Activities & Interests
Eighty-eight miles of the Appalachian Trail run through the North Carolina mountains. From through-hikers—backpackers who attempt the trail in its entirety—to hikers out for an afternoon stroll, those who love to walk rugged mountain terrain through dense woodlands find the Appalachian Trail among the most beautiful in the country.
A Trail with a History
The Appalachian Trail is a 2,175 mile trail that leads from Springer Mountain, Georgia to Mount Katahdin, Maine, crossing a total of 14 states along its way. It was first envisioned in 1921 by Massachusetts forester and preservationist Benton MacKaye, who proposed it as a trail linking a network of work camps and communities in the Appalachian Mountains where city dwellers could go to renew themselves. The Appalachian Trail was completed in 1937 and became the country's first designated National Scenic Trail in 1968.
The Appalachian Trail in the Blue Ridge Mountains of North Carolina
The Appalachian Trail enters North Carolina at the Georgia border, then climbs Standing Indian Mountain and crosses the Nantahala River before winding through the lush Nantahala National Forest. Before reaching the Great Smoky Mountains, it rises into the Stecoah-Cheoah Mountain area. It bisects the Great Smoky Mountains National Park along the North Carolina-Tennessee border, which it follows on its way to the town of Hot Springs, NC. Elevations vary from 1,725 to 5,498 feet along the North Carolina segment of the Trail.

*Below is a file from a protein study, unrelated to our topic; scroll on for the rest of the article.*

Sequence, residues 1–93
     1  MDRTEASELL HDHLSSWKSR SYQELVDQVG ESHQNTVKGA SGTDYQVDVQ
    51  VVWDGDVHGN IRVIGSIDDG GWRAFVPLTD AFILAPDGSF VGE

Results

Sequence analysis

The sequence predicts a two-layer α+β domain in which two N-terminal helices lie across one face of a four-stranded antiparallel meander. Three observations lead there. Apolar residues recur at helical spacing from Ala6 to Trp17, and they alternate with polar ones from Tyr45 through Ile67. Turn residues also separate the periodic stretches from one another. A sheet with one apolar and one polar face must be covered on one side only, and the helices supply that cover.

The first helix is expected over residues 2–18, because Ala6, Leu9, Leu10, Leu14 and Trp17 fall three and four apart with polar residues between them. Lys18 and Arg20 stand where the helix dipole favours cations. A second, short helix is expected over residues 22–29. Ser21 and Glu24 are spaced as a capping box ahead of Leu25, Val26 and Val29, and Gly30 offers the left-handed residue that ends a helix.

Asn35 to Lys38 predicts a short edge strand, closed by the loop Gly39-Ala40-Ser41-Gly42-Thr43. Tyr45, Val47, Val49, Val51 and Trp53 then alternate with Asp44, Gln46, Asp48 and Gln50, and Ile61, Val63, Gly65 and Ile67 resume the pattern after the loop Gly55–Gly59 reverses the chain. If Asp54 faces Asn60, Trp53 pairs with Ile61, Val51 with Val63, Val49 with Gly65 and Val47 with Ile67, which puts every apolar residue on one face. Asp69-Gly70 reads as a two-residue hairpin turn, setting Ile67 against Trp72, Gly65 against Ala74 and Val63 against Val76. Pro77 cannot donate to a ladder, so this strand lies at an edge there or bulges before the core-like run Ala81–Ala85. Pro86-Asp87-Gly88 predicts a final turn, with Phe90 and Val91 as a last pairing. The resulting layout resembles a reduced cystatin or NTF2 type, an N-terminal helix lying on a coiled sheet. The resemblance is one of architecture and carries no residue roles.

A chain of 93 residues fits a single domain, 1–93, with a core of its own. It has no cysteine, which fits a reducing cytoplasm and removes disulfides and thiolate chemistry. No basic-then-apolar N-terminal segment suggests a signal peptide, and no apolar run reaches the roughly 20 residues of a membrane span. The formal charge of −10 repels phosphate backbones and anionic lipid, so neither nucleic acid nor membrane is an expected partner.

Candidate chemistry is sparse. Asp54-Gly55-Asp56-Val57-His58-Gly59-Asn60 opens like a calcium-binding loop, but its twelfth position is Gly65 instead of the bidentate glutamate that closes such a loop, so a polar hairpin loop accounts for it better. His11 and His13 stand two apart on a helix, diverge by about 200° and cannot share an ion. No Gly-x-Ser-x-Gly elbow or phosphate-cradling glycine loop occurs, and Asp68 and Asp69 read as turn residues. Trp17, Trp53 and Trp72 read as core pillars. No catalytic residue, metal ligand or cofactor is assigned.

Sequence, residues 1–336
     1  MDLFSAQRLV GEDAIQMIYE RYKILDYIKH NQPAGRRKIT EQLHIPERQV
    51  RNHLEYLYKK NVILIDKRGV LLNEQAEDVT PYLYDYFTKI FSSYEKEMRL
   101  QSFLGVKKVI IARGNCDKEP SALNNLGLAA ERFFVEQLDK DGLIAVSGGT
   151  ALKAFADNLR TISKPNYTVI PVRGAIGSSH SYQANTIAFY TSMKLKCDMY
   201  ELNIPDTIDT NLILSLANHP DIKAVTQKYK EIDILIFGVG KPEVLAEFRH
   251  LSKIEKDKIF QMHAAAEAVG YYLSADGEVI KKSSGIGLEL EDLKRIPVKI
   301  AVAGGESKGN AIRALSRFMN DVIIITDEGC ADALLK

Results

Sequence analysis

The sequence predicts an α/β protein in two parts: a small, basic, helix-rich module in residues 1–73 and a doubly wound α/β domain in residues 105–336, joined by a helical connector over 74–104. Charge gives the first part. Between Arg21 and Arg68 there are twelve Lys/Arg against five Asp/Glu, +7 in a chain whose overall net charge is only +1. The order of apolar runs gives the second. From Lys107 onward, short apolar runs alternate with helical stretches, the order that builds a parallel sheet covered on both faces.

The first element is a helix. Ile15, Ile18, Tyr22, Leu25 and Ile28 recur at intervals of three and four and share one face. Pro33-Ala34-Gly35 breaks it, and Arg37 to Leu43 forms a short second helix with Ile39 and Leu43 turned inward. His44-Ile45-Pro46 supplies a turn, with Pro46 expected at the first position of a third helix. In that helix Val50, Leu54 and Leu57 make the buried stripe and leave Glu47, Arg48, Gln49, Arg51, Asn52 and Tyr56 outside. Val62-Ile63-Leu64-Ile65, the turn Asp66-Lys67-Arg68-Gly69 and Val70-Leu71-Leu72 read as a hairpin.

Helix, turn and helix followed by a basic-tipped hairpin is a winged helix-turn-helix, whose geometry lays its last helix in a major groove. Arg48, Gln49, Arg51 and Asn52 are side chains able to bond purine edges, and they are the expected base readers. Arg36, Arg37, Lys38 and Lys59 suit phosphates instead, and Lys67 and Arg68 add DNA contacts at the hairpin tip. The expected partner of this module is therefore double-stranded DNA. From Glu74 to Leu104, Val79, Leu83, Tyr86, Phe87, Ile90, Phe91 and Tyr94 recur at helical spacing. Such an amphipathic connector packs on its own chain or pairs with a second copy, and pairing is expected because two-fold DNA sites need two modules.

Hot Springs is the first and only trail town in North Carolina on the northbound route which through-hikers will encounter. The town welcomes over 2,000 through-hikers annually, mostly between mid-May and October.
Appalachian Trail Conservancy
The nonprofit Appalachian Trail Conservancy coordinates the Appalachian Trail's management and protection in conjunction with a wide range of partners, including the National Park Service, Appalachian Trail Park Office, U.S. Forest Service, 14 states, and 30 Trail-maintaining clubs.
The Appalachian Trail Conservancy and its member clubs publish the official guidebooks and maps for the Appalachian Trail. Each of the 11 pocket-sized guidebooks covers several hundred miles of the Trail, and includes separate topographic maps with elevation profiles.
Member clubs in Western North Carolina:
Carolina Mountain Club - Spivey Gap to Davenport Gap
Smoky Mountains Hiking Club - Davenport Gap to Wesser at US 19
Nantahala Hiking Club - Wesser at US 19 to Bly Gap